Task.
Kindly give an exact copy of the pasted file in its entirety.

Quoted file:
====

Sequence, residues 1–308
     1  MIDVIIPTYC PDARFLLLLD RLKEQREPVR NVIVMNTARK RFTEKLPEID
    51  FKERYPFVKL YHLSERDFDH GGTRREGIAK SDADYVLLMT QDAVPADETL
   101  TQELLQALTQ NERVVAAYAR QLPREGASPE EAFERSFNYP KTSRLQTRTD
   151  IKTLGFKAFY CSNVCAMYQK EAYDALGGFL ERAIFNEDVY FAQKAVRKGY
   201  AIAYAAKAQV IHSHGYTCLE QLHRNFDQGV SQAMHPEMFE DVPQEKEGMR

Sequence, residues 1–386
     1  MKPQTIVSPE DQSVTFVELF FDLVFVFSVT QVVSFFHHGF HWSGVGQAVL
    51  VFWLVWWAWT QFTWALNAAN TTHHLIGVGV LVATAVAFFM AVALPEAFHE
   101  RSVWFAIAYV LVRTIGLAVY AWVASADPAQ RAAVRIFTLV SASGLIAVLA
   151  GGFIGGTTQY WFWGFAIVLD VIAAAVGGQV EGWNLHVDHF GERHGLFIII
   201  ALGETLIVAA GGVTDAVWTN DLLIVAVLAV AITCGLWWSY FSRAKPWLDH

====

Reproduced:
Sequence, residues 1–308
     1  MIDVIIPTYC PDARFLLLLD RLKEQREPVR NVIVMNTARK RFTEKLPEID
    51  FKERYPFVKL YHLSERDFDH GGTRREGIAK SDADYVLLMT QDAVPADETL
   101  TQELLQALTQ NERVVAAYAR QLPREGASPE EAFERSFNYP KTSRLQTRTD
   151  IKTLGFKAFY CSNVCAMYQK EAYDALGGFL ERAIFNEDVY FAQKAVRKGY
   201  AIAYAAKAQV IHSHGYTCLE QLHRNFDQGV SQAMHPEMFE DVPQEKEGMR

Sequence, residues 1–386
     1  MKPQTIVSPE DQSVTFVELF FDLVFVFSVT QVVSFFHHGF HWSGVGQAVL
    51  VFWLVWWAWT QFTWALNAAN TTHHLIGVGV LVATAVAFFM AVALPEAFHE
   101  RSVWFAIAYV LVRTIGLAVY AWVASADPAQ RAAVRIFTLV SASGLIAVLA
   151  GGFIGGTTQY WFWGFAIVLD VIAAAVGGQV EGWNLHVDHF GERHGLFIII
   201  ALGETLIVAA GGVTDAVWTN DLLIVAVLAV AITCGLWWSY FSRAKPWLDH